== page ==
By Larry Thomas
Last night I woke up at 3:10 am and was so pleased to see the sky filled with stars. The first night in a long time, because of the weather pattern we have been experiencing. Got out of bed, bundled up because of the very cool night air and headed outside to enjoy looking at the sky with its abundance of stars and the Milky Way crossing the sky right over my head. It was a wonderful experience heightened by seeing eight shooting stars and listening to the owls calling during the over an hour that I was out there. Many astronomers travel to this area because of the dark skies.
Actions in July that will be of interest to West Virginia Highlands Conservancy members.
Big Rock Project – This proposed project is in the Gauley Ranger District within the Cranberry River watershed north of Richwood in Nicholas and Webster Counties and is to provide diverse early successional forest (clearcutting w/reserves 1342 acres), improve forest health and growth (traditional cut 702 acres and helicopter thin 491 acres) and provide water sources for wildlife (creation of 20 vernal pools).
WVHC took another pretty big step and has filed a formal objection to the Forest Service’s Big Rock Project. As we noted in our previous comments on the Big Rock project, WVHC believes that integrated timber management projects like the Big Rock Project can be compatible with, or at least not contradictory to, WVHC’s mission and values. But as we pointed out in our previously filed comments, the draft Environmental Assessment (EA) that was circulated for public review had several critical problems related to the National Environmental Policy Act (NEPA) analysis and the protection of sensitive environmental resources. In response to our comments, the Forest Service addressed some of the flaws in its final EA and supporting documents.
Part of this effort with respect to NEPA involves proposed new regulations (see this recent news release: https://www.fs.fed.us/news/releases/usda-proposes-bold-moves-improve-forests-management-grasslands; there is also a story about it on p. 6 of this issue). But even before the new regulations have been finalized, the agency is cutting back on the amount of time and effort that it puts into its NEPA analyses. It appears that Big Rock and other recently proposed projects on the Monongahela have been affected by this emphasis on doing more with less.
We are not opposed in principle to these activities, as they are allowed and encouraged by the Forest Plan. However, we identified critical problems in the following areas that were the basis for filing our objection.
• Skid road decommissioning
• Ground-Based Harvest Activity on Steep Slopes
• Roads on Steep Slopes
• Threatened, Endangered, and Sensitive Species
Spruce Mountain Grouse Management Area – This proposed project is in the Potomac Ranger District west and southwest of Spruce Knob Lake and is near the community of Osceola, WV. The objective of the project is to restore and maintain ruffed grouse habitat in the existing management area by increasing early successional habitat for cover and enhancing species diversity to increase foraging opportunities.
Our comments addressed the Draft Environmental Assessment for the project and included the commitment to resource protection measures for sensitive resources, adverse impacts to commercial timber harvest in West Virginia northern flying squirrel habitat, Blue Ridge St. John’s Wort and Pearl Dace, and the prevention and control of non-native invasive species infestations.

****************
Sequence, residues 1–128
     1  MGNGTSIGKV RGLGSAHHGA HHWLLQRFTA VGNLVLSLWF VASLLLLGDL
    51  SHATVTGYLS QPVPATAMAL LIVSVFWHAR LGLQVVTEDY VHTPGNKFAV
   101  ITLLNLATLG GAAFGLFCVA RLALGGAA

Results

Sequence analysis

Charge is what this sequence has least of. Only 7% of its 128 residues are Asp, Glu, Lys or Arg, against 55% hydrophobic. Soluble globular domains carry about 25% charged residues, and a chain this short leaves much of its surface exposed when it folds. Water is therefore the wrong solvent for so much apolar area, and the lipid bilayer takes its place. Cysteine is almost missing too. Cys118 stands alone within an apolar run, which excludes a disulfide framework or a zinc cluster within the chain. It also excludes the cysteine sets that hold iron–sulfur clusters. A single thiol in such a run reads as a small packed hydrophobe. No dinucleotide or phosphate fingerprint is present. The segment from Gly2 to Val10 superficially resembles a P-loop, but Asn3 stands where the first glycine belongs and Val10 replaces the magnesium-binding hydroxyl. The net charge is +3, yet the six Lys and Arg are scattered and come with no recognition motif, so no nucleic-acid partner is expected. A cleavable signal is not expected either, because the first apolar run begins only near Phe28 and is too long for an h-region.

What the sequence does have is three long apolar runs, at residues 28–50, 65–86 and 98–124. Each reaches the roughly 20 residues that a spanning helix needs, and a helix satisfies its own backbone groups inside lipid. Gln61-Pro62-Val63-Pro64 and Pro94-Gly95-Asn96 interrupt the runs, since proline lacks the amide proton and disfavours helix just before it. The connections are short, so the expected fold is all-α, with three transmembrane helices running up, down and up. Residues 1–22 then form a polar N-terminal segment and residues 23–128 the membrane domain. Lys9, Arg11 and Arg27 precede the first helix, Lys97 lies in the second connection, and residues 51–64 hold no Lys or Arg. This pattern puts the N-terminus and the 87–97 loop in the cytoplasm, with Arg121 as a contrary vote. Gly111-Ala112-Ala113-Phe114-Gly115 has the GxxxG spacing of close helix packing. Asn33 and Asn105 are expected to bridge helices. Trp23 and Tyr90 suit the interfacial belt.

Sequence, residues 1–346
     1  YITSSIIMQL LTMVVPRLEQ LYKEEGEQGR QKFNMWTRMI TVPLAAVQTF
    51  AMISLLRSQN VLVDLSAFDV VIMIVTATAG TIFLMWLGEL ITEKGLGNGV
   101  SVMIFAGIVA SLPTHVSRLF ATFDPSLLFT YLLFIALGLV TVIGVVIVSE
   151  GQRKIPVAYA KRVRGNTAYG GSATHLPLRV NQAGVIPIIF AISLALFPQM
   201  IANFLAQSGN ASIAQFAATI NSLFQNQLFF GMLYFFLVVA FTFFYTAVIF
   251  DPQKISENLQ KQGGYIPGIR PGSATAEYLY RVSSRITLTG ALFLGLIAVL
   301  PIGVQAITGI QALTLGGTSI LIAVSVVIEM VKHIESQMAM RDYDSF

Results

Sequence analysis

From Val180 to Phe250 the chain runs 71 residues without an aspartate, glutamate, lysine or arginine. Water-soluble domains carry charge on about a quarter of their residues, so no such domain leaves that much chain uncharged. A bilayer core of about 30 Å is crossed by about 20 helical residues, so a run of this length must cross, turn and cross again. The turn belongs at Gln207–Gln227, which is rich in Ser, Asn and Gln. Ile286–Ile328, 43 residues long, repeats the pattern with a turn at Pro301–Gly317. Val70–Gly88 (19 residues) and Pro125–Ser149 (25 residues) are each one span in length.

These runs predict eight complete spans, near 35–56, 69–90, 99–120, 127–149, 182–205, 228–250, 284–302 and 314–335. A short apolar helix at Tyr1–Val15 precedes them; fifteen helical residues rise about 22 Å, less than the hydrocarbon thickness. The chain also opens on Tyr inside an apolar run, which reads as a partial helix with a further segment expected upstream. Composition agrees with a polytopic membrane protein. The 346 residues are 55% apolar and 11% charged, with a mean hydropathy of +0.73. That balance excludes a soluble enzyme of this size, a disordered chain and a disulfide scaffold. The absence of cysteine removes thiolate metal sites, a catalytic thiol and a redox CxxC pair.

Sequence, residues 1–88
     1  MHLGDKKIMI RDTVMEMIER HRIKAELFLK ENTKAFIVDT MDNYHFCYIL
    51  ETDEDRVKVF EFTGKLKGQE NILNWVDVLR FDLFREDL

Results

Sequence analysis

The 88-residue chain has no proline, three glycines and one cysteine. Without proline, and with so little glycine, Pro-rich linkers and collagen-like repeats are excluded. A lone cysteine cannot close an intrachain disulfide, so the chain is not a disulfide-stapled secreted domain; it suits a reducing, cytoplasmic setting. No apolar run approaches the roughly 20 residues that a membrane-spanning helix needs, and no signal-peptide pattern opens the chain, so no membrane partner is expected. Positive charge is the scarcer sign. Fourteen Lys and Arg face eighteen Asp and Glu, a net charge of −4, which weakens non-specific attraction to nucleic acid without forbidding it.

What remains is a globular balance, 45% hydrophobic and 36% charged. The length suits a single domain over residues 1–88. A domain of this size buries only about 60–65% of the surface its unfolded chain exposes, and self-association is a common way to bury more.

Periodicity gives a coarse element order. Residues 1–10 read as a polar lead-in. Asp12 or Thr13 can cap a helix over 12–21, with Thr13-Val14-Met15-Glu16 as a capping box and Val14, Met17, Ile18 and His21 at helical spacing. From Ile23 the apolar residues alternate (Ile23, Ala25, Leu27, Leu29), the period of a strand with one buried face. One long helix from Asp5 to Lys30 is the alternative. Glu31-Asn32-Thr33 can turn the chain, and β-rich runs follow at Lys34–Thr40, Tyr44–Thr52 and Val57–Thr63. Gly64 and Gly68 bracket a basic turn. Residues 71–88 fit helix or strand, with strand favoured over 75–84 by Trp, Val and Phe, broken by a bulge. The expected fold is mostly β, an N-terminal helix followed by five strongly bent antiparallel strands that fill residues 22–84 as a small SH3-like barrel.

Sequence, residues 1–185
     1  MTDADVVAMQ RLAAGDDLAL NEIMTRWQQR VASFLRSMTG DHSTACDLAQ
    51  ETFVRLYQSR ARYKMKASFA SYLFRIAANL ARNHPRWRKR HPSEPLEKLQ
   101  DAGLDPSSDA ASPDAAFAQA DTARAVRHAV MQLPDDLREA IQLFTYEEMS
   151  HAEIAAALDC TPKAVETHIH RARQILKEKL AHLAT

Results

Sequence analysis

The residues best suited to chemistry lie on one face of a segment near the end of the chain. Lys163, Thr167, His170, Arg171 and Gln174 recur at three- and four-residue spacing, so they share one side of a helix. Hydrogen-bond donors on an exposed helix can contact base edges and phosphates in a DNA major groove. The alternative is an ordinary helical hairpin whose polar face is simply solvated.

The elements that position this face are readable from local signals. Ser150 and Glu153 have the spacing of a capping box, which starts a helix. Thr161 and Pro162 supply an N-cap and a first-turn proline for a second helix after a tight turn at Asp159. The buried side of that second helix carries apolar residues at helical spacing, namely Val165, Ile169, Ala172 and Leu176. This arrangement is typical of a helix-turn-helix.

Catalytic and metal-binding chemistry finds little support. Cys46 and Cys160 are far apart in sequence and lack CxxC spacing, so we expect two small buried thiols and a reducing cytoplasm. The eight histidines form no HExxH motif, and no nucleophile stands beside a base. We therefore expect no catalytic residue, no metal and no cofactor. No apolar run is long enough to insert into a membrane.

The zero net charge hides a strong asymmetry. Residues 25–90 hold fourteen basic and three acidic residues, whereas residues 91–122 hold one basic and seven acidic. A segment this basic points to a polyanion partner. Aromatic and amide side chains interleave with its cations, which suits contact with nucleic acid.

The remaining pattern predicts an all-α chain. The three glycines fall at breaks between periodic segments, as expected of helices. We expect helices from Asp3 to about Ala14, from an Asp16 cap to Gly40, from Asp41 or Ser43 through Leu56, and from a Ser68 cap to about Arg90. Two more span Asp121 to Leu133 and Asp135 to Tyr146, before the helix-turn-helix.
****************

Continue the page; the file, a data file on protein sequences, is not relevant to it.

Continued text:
WVHC did not formally object to the Spruce Mountain Grouse Management Area Project because the Forest Service staff provided answers to our remaining questions that we raised concerning the project.
We did share one lingering concern we had with the way the Forest Service defined and delineated suitable habitat for the West Virginia northern flying squirrel. Based on their description, it appears that the Forest Service considered only areas with an overstory dominated by conifers to be suitable habitat. The Forest Service placed a 60 m “buffer” around overstory conifers but did not consider that buffer to be suitable habitat.
This approach is not consistent with the approach laid out by the USFWS in the updated recovery plan, nor is it consistent with the approach the Forest Service has followed since the update to the recovery plan in 2001. We were however willing to give the Forest Service the benefit of the doubt on including a 60 m buffer instead of the 80 m buffer that has been used to date. The 80 m buffer was instituted primarily to provide an extra safety factor, and it appears that the Forest Service has developed a better scientific rationale for the 60 m buffer. But again, we emphasized that the buffer is part of suitable habitat and, therefore, is subject to the protections contained in Forest Plan Standard TE64.
WVHC sent a letter thanking the staff for their diligent efforts to address all stakeholder concerns prior to making a final decision on the project. The staff worked hard to overcome obstacles and resolve issues in a way that creates a win-win situation for the Forest Service and stakeholders.
Other activities followed and that were reported in the July Highlands Voice were:
Proposed Pump Storage Project in Tucker County, West Virginia – No further action has been noted.
Proposed Black Rock Industrial Wind Project – Application for a permit has been filed with the Public Service Commission of West Virginia.
This year continues to be another busy year for the Conservancy and the highlands of West Virginia and we will keep you informed through the Voice as events occur,